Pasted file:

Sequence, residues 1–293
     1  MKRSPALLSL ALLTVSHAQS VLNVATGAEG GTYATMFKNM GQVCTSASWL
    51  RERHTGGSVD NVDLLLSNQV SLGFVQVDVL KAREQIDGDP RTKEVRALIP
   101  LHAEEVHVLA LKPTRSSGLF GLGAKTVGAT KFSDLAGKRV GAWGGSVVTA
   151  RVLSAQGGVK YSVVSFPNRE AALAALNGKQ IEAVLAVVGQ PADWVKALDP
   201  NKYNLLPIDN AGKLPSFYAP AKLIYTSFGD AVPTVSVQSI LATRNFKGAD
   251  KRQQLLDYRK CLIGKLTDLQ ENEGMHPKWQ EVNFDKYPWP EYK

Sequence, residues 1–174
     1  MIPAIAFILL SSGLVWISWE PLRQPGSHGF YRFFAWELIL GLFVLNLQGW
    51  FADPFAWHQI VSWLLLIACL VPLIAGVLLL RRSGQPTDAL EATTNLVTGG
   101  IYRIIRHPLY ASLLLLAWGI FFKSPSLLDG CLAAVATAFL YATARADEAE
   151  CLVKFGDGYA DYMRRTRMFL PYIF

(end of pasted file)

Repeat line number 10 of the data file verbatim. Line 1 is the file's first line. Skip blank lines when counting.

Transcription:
    51  FADPFAWHQI VSWLLLIACL VPLIAGVLLL RRSGQPTDAL EATTNLVTGG